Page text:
acre from $15. About eight in 10 palmers died. The rest wilted for a 
couple of weeks, then resumed growing.

This year, they are trying a different chemical cocktail that raises 
herbicide costs only to $45 an acre. Their big gun, a herbicide that 
blocks palmers from synthesizing amino acids, was sprayed on July 3, the 
first of two applications allowed each summer.

“I came back from the Fourth of July weekend, and they looked dead,” Mr. 
Harper said. “I said, ‘I think we smoked ’em.’ My dad says, ‘Awesome.’ ” 
He paused. “Ten days later, there’s green coming all over them again.”

Should the second herbicide application fail, Mr. Harper said, he is 
unsure what to do next.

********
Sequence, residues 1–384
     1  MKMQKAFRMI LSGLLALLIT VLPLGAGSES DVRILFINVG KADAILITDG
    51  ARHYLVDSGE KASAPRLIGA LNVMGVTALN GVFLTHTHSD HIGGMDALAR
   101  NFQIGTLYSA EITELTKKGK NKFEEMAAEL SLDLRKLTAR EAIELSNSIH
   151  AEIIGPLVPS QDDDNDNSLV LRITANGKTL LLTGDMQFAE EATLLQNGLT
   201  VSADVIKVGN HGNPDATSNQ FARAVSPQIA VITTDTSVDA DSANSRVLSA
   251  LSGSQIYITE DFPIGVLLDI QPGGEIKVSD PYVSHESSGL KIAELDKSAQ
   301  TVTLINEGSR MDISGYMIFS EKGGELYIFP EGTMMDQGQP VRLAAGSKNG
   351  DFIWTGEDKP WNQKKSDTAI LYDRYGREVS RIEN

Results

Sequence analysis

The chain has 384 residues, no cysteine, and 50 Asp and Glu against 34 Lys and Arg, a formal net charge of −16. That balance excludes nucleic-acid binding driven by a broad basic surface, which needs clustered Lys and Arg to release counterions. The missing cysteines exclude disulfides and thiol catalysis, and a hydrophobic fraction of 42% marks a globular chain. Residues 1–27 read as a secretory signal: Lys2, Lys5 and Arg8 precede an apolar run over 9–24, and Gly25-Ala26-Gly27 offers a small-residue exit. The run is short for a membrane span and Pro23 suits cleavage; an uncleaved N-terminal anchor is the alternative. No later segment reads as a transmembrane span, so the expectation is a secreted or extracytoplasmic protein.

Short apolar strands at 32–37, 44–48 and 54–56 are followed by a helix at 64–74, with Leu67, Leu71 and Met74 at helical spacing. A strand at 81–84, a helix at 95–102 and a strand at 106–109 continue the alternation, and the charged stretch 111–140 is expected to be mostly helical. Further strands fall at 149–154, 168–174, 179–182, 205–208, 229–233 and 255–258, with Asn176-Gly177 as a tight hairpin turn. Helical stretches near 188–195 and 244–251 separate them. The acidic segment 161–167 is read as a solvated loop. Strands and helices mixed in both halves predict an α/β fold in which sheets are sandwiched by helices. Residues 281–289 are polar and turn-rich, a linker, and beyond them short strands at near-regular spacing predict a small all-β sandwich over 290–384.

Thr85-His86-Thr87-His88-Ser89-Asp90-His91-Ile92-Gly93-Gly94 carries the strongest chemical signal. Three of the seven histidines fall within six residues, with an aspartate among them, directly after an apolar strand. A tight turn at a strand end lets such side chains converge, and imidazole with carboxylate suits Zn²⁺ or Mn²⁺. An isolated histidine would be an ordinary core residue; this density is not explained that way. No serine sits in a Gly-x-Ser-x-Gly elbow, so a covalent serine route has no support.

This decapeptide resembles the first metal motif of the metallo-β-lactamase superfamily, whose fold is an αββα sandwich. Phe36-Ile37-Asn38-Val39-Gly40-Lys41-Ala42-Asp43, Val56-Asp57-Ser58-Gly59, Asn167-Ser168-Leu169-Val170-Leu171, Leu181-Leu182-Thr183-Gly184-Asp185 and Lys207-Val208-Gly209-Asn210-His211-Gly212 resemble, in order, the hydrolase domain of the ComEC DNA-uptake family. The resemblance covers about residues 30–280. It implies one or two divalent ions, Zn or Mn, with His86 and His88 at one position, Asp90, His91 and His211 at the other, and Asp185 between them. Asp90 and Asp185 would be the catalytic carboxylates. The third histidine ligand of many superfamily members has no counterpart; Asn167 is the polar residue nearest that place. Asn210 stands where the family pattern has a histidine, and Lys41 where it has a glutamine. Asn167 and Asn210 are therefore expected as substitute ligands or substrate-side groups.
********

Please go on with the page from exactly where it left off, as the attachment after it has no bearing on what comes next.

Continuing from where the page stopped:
More broadly, experts in glyphosate’s travails — farmers, scientists, 
regulators, the herbicide industry, environmentalists — feel much the 
same way.

The industry has readied a new barrage of genetically engineered crops 
that tolerate other weed killers. The Environmental Protection Agency is 
set to approve plans by Dow AgroSciences to sell soybean seeds that 
tolerate not only glyphosate, but a much older herbicide, 2,4-D, and a 
third widely used herbicide, glufosinate. Monsanto hopes to market 
soybeans and cotton next year that resist dicamba.

Dr. Mortensen and others say the companies are simply repeating the 
history that made palmers resistant to glyphosate. He says natural 
solutions, like planting what are known as cover crops that keep light 
from reaching germinating palmers, may cost more but are also effective.

Mr. Harper said he believes Dr. Mortensen is right. He also said he 
cannot wait for Monsanto and Dow to begin hawking their new soybeans anyway.

“I’m not stupid. I know you can only ride a pony so far,” he said. 
“It’ll probably take another 10 years before palmer becomes a real big 
problem again. But that just brought me 10 years I didn’t have.”